GeForce Now is now live and available for everyone. You can try it for free with limited access to the service, or start a Founders membership to get special perks. For a limited time, Founders get the first 90 days for free, and lock in the special introductory price of $4.99 per month for 12 months. It’s a great deal, but it won’t be around forever. Check it out here.

Try GeForce Now

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Nvidia GeForce Now

On Nvidia.com

What is GeForce Now?

GeForce Now is a lot like Google Stadia, except you don’t have to re-buy all the games you want to play. Basically, it lets you stream the PC games you already own to other devices. That means you can play games like Destiny 2, Cuphead, Fortnite, and many more on an Android phone or an old Mac that wouldn’t be able to run the games on their own. All you need is an internet connection that delivers at least 15 MBbs (though higher is better), and you’re good to go.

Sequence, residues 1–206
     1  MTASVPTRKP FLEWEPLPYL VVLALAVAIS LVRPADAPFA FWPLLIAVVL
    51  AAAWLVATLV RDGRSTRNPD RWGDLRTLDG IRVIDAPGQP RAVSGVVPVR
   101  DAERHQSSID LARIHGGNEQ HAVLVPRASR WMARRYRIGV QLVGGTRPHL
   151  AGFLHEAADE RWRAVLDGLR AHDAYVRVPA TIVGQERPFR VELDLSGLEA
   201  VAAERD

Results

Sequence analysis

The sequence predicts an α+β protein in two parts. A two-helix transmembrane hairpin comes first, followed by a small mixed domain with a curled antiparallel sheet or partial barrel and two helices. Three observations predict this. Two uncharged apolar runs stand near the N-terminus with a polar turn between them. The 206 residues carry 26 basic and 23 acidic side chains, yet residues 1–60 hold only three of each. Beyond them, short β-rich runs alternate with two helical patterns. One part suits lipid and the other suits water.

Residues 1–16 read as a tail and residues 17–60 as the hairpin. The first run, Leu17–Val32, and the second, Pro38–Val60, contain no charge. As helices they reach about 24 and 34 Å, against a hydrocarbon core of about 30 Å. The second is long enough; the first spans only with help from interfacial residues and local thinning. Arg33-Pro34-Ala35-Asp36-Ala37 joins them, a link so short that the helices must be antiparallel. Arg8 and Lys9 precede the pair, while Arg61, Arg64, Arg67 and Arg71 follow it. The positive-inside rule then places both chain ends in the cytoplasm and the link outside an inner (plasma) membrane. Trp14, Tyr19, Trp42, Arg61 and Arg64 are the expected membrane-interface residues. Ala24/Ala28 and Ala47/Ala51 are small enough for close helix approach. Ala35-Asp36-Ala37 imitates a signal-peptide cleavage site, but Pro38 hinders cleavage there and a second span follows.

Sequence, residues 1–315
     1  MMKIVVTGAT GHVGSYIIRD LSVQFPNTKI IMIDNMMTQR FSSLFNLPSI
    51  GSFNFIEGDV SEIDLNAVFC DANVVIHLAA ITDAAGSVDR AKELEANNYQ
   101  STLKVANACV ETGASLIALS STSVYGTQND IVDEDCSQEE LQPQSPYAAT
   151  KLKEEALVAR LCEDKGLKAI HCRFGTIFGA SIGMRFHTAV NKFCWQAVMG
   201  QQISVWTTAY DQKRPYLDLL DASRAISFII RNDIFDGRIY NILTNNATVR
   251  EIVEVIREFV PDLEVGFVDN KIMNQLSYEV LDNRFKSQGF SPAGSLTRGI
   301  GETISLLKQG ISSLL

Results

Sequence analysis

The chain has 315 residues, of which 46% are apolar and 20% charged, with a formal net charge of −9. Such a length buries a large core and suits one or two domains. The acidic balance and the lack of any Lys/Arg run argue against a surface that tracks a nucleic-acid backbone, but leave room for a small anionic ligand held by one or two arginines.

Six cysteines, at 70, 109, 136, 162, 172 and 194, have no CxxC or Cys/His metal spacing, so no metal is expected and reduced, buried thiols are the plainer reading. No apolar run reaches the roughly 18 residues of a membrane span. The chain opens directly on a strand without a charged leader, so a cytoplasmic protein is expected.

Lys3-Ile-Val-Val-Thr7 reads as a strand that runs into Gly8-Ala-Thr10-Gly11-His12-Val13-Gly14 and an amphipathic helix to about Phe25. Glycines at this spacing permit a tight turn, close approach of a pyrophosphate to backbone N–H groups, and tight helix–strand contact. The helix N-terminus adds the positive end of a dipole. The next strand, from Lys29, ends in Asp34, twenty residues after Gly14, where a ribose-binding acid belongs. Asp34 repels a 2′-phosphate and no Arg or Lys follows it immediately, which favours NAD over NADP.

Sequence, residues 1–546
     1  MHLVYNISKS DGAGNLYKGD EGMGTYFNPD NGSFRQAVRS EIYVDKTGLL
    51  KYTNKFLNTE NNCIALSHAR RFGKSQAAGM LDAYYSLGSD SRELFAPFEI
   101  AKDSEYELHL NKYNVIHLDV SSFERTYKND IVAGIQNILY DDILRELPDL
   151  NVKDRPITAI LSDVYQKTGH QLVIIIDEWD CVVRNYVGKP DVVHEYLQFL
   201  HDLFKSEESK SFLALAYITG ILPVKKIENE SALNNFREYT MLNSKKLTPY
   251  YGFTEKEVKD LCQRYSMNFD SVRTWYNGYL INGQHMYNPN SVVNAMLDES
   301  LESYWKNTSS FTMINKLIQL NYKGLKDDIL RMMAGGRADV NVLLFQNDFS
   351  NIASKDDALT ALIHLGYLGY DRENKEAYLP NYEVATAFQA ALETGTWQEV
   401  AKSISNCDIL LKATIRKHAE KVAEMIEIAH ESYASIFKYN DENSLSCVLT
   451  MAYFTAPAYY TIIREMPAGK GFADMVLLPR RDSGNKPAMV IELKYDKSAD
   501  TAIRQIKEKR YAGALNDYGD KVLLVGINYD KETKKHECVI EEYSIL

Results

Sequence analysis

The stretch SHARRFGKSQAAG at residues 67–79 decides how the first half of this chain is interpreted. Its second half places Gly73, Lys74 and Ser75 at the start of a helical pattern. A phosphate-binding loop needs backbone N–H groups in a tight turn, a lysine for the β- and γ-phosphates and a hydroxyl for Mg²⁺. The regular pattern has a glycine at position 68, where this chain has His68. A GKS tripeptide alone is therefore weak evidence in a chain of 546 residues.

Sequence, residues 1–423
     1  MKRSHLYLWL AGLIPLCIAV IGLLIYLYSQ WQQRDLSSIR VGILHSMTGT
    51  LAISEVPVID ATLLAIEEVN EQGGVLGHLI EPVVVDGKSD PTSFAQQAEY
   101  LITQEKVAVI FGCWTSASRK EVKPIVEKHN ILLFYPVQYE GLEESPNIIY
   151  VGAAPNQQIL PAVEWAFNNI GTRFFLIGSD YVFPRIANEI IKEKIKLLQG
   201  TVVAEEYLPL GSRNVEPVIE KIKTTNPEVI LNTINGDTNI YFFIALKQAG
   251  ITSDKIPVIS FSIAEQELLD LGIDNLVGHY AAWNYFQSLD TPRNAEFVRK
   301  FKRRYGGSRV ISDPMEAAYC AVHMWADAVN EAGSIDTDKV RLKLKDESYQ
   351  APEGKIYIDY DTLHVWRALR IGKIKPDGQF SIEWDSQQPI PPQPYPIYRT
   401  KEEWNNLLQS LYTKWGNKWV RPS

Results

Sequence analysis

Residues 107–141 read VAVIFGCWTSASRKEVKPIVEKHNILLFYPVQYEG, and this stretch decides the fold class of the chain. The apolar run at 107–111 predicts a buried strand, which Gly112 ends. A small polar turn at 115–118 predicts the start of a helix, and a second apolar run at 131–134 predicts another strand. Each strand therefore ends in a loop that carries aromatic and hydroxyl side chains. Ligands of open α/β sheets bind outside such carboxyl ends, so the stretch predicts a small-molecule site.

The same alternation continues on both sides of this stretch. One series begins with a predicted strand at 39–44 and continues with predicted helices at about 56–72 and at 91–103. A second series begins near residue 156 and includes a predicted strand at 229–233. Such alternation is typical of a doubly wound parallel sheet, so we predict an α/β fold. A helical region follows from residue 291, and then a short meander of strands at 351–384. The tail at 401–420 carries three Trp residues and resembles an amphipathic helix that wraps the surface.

The catch is that not every game is supported. Over 400 games are available on the service, but that might not cover every title in your Steam library. Check out our GeForce Now review-in-progress to see our experience with the service.

GeForce Now Compatible Devices

At the moment, compatible devices include PC, Mac, Shield TV, and Android mobile devices. More devices may be added in the future.

GeForce Now Founder Membership Benefits

When it comes to signing up for GeForce Now, you have two options. There’s a free tier, which gets you “standard access” and limits your play time to one-hour sessions. That basically means you might have to wait longer to play a game and you can’t play it as long.

If you start a Founder membership, you’ll get “priority access” to servers (essentially ditching the line in front of the free crowd) and you can play for up to six hours before having to queue up again. There’s no limit to how many sessions you can play in a day.

All in all, GeForce Now seems like a pretty solid game streaming service, and one that will likely improve in the future. It’s particularly great for anyone whose gaming PC is getting up there in age and doesn’t want to shell out the cash for a new one. It’s a cheap way to keep playing your games, and it gives you more options for which devices you can play them on. What’s not to love?

Chris Reed is IGN’s shopping and commerce editor. You can follow him on Twitter @_chrislreed.





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